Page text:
'Cairo Time': These New Modern Things

In Cairo Time, Juliette means to care, but she seems rather unfit for it.

Cairo Time

Director: Ruba Nadda
Cast: Patricia Clarkson, Alexander Siddig, Amina Annabi, Elena Anaya, Tom McCamus
Rated: NR
Year: 2009
US date: 2010-08-06 (Limited release)

"I haven't had a cigarette since I was a teenager." As soon as Juliette (Patricia Clarkson) rejects the offer of a smoke from her handsome new acquaintance, you know where this trope is headed. Alone in a foreign land, she has time to look back on her life and choices, her loss of youthful adventures. And yes, she'll have regrets, as well as a yearning for cigarettes.

At the start of Cairo Time, Juliette's just arrived in Cairo from New York to meet her husband Mark (Tom McCamus), a dedicated UN official. He's detained in Gaza, where he's in charge of a refugee camp now affected by fighting, and so she's picked up at the airport by Tareq (Alexander Siddig). The men, she knows, used to work together, but Tareq has since left the international service corps and taken up his father's coffee shop, which explains why he's in town and has enough time to look after his old friend's wife. "I've heard so much about you," Juliette says politely and probably truthfully. Tareq answers in kind.

The fact that they do know at least a little bit about each other hints at the sort of experiences Mark has led with each, and he looms unseen between the two, a presence off-screen when he makes a phone call to Juliette's hotel room, or "sends word" to Tareq, who immediately shows up in her lobby. Mark's absence -- and how they talk about him -- also tells you something Asked why this is her first visit to the area where her husband has essentially spent a lifetime, Juliette is vague. She had kids and work. She edits a magazine called Vous. When she mentions she might write an article on Egyptian street children, Tareq, a close observer who can't have missed that her every outfit is expensive and lovely, wonders how such a story might interest her readers. "We deal with social issues, women's issues," she explains. "These children are left to fend for themselves and no one seems to care."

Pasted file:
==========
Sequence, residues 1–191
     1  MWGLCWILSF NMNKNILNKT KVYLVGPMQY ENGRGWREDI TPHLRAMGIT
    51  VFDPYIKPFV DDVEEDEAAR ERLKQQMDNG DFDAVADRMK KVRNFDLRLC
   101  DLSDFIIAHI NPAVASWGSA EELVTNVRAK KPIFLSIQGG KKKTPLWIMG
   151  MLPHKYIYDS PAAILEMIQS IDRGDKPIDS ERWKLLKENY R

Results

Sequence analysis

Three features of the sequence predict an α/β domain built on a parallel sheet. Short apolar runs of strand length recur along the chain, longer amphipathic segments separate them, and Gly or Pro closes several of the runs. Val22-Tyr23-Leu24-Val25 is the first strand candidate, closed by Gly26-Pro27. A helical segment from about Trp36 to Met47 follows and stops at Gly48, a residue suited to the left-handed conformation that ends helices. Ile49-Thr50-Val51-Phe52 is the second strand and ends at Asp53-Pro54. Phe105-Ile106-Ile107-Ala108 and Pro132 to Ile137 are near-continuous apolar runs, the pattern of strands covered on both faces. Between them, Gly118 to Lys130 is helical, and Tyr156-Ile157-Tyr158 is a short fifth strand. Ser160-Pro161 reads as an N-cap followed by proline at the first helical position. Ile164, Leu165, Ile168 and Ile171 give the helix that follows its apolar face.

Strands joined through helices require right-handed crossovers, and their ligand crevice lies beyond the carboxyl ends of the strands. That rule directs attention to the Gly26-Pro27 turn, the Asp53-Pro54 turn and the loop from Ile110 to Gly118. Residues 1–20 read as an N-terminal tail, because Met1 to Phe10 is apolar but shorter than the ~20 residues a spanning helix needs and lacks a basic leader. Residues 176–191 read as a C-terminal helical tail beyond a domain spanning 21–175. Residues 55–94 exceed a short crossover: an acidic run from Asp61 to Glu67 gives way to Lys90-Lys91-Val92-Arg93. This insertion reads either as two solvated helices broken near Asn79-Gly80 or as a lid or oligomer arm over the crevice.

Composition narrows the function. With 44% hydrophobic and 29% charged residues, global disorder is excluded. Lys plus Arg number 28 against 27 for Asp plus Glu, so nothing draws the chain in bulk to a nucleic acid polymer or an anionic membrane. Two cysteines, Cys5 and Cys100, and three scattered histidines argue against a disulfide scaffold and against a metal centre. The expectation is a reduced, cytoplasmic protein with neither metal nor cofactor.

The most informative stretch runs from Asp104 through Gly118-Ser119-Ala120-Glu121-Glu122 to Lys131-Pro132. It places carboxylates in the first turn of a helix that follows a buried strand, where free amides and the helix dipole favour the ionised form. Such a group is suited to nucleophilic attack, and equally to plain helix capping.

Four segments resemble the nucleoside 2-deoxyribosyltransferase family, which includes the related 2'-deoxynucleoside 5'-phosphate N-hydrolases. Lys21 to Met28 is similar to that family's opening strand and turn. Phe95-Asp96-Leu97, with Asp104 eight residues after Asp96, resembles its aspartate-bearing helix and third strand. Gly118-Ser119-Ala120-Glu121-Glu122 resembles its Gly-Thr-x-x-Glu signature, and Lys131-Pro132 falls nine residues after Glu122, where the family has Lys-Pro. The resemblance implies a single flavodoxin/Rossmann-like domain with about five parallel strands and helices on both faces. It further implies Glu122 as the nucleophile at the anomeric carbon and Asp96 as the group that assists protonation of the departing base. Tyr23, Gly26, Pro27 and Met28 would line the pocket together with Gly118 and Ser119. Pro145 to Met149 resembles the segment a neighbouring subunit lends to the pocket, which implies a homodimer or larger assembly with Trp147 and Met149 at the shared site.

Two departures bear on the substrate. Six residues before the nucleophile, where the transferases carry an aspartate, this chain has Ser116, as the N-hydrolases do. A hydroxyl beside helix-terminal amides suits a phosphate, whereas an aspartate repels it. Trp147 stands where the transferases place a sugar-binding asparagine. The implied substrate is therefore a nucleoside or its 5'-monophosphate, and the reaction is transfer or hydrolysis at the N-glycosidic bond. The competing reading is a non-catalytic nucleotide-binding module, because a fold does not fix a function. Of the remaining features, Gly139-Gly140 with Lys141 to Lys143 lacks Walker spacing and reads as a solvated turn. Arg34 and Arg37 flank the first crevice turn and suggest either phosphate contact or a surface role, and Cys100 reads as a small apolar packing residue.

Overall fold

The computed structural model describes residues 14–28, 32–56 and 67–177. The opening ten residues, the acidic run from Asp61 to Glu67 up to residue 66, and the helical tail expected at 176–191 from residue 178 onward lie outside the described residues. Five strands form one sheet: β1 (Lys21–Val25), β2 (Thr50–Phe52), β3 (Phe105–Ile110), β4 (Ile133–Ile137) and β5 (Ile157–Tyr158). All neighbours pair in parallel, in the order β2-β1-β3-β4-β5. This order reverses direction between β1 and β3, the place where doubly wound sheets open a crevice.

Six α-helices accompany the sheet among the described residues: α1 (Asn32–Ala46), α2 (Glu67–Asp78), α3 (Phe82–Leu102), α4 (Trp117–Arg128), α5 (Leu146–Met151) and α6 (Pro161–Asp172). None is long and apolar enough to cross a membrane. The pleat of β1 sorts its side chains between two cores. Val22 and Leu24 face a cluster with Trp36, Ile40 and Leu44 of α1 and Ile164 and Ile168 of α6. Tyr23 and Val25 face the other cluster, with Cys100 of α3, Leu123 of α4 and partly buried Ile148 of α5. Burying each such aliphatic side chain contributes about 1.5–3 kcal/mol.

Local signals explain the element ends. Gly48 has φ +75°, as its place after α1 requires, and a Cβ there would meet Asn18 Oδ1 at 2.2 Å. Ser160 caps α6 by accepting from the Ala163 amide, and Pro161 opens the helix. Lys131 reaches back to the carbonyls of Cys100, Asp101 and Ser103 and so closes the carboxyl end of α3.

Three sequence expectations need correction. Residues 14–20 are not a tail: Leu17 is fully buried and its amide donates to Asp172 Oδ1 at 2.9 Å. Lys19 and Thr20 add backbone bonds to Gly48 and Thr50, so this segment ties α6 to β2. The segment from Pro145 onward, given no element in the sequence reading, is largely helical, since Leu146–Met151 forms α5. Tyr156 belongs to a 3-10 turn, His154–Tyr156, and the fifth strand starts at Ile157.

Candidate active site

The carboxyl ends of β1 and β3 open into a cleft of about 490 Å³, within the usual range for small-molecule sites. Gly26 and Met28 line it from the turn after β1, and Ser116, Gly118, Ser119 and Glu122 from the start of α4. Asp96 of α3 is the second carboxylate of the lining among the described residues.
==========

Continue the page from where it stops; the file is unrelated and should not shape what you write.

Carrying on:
Juliette means to care, but she seems rather unfit for it. This makes her at once an exotic object for Tareq and a familiar subject for the film's Western viewers, out of place and, at least in her own mind, open to "exploring," As she looks on Tareq, she misses what he might reflect of her, except as he appreciates and comes to want her. As he fulfills her desires and resembles the other life, the one she missed when she gave up cigarettes, she doesn't quite have to see him for who he is, much less the stunning landscapes or teeming marketplaces -- which are gorgeous, certainly, but also too metaphorical here.

Some of these meaningful sites directly manifest Juliette's insularity, and yes, her rather abject Americanness. Determined to get out of the hotel room on her own, she wanders through the city streets, only to find that men leer at her and bump up against her and follow her like a pack, the camera close on their bright eyes. At last, the soundtrack music having achieved a crescendo along with the accumulating images of men and more men, the sequence pauses. She finds refuge inside a shop and the elderly clerk, his face weary and kind, shoos the pack away as she sits to catch her breath. Juliette's surprise makes her seem both naïve and forgivable. Because she's earnest in her ignorance and because, really, she didn’t harbor this stereotype of Arab men that the film presents as if she "should have" known.

She learns another lesson from Kathryn (Elena Anaya), a younger women whose boyfriend also works for the UN. They share a laugh over other women who imitate a belly dancer at an embassy event (Juliette calls them "petroleum wives," so you know their affluence is different from hers). During an afternoon in the White Desert, the landscape provides a sensational backdrop to Kathryn's confession that she almost left her man for an "Arab lover." As Juliette looks loyal and forlorn, the younger woman smiles, "You’ve been happy, that's all that matters."

But of course, Juliette's less and less sure that she's "been happy," or that she quite understands what that means. She spends more time with Tareq, learning to smoke a water pipe (more mysterious than cigarettes, anyway). He takes her on the Nile Ride ("Once you've tasted the Nile," he offers as if he's an actor in a tourism commercial, "You always come back") and to a carpet-weaving factory, where children work for hours on end to support their families. Juliette laments their lack of education and opportunity.

Juliette's concern is earnest but still, hers. It's "different" in Egypt, she keeps seeing, but that's all she sees. Her story has her rethinking her past, and beginning to imagine herself in another way, with alternatives instead of foregone conclusions. She also sees this possibility in Tareq (who has his own regrets, involving a broken heart long ago), but that doesn't make them a romantic match, despite their gazing into one another's eyes. It only means she sees herself again and again, wherever she looks.


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